Interview with a forced convert from Matlab to R

April 17, 2013
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(This article was first published on Burns Statistics » R language, and kindly contributed to R-bloggers)

Here is an interview with Ron Hochreiter, Assistant Professor at WU Vienna University Economics and Business.

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In 25 words or less tell us what you do (using German words is cheating).

I consider myself as a data scientist (teaching and research) with roots in Mathematical Programming, i.e. Optimization under Uncertainty (Stochastic Programming).

You were an unwilling convert from Matlab to R.  What were the circumstances?

I started using MatLab in 1998 during my undergraduate studies in Business Informatics and have written huge parts of my Masters thesis (2000-2001) as well as my PhD thesis (2001-2005) with it. I was very comfortable with MatLab. Although I did use R for some statistical analysis (mostly cluster analysis), I never completed any larger projects with it. With MatLab I implemented a vast amount of tools and rather complete optimization models over the years and even produced some usable software for the industry, including a risk management system for an Austrian energy trading company and a large-scale simulation tool for an Austrian Pension Fund. Then I switched university and it turned out that my new boss is a member of the R Core Group – so that was the end of my MatLab career.

How hard was the transition?

Although I was not unwilling to change to R, it was pretty hard for me at the beginning, because I was used to doing everything in MatLab. One main motivator was the fact that the MatLab licensing issues were really bugging me – especially the fact that the student version is a trimmed-down version. Anyway, one issue that really helped to speed up the transition was the availability of RStudio, which finally took the nerdy feeling out of R – at least for me. To love a high-level scientific programming language I need to be able to sell it to other people, especially to non-programmers and non-nerds, which translates to my business school Bachelor students – and I was not able to do this before the advent of RStudio. Now I am able to do so and thus am really glad that I took all the efforts to switch to R.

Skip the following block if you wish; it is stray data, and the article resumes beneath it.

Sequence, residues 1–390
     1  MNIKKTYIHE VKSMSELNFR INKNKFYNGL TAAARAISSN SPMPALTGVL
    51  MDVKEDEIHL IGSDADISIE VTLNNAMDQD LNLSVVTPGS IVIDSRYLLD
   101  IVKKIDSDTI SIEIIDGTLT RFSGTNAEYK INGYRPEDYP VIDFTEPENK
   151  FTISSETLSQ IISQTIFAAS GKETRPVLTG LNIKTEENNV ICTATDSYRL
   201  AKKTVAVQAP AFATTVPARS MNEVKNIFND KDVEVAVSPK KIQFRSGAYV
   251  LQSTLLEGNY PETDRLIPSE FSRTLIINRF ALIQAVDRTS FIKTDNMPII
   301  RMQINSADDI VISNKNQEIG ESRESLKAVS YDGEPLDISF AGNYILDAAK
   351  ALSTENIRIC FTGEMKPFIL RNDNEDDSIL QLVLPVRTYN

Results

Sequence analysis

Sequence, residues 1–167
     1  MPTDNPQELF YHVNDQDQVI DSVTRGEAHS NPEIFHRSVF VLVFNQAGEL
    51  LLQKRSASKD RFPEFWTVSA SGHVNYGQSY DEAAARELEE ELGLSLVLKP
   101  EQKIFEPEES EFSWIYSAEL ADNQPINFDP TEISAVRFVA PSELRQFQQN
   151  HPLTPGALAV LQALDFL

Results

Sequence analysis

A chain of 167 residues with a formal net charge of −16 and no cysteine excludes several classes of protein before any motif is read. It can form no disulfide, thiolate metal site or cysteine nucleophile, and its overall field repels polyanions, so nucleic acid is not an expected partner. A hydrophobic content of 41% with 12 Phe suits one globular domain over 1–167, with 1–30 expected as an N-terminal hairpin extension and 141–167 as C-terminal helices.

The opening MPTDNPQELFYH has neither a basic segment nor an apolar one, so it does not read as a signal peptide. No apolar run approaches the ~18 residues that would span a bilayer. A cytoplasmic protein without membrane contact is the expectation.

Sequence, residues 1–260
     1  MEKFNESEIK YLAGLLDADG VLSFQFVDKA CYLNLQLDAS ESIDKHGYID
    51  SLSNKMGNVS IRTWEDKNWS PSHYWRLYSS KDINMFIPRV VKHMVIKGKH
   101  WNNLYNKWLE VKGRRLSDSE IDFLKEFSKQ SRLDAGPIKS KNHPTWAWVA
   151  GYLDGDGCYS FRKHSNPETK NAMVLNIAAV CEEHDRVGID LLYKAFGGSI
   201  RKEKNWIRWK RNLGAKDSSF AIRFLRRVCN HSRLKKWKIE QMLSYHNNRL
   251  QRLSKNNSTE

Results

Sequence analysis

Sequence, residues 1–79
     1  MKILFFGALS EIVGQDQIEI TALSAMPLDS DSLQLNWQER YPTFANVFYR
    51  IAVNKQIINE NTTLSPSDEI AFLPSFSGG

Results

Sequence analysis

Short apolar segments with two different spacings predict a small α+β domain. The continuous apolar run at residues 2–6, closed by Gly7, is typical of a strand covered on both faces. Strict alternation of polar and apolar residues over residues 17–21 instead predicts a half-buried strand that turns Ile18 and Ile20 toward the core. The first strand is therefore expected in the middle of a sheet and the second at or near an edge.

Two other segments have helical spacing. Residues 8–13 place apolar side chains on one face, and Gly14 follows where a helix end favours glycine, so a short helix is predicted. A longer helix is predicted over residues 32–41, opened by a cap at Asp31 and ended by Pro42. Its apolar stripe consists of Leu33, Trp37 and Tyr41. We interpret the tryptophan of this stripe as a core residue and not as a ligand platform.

What are the best resources to aid the transition?

For me, one resource I highly recommend is Quick-R at http://www.statmethods.net/ At the beginning of my personal transition from MatLab, I also googled for “MatLab R syntax” and used some of the documents, e.g. http://mathesaurus.sourceforge.net/octave-r.html to check out syntax equivalents. I probably do not need to point out your excellent material, because if people found this interview, they most likely found your books too!

[Editor's note: if not, then you can have a look at some of the favorite pages.]

What is your general attitude about R versus Matlab now?

I really love R nowadays and personally could not imagine switching back to MatLab anymore – although out of curiosity I am following the Julia Language project at http://www.julialang.org/ so in case I would ever need to switch back to MatLab, I would do so indirectly via Julia.

What are use cases of Matlab over R, and vice versa?

I’d say that certain (if not most) optimization tasks are still not convincingly implemented in R at all. It is sad to see that people who quit MatLab for an open source alternative are choosing Python over R – which I do understand, because most optimization packages in R do not make any sense if you look at them from the Mathematical Programming viewpoint. Statisticians certainly do have a different approach to optimization.

What are the three most useful things in R but not in Matlab?

Well, it is quite difficult to name just three. Probably report generation using knitr/Sweave, Shiny, and the general capabilities to produce graphs in R might be those which come to my mind first.

What are the three most useful things in Matlab but not in R?

For me it is the availability of the two great optimization modeling frameworks CVX and YalMip. And if you are from the field of engineering and need to do simulation tasks for which MatLab/Simulink does provide exactly what you need, then it is the right choice… but if you are doing this kind of stuff then you most likely never considered to switch to R anyways.

You have some material on the web. What and where is it?

Unfortunately I still did not have time to polish and publish my R-related software – I was just able to register some domains for my projects, and a short summary is available at http://www.hochreiter.net/R/

 

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The post Interview with a forced convert from Matlab to R appeared first on Burns Statistics.

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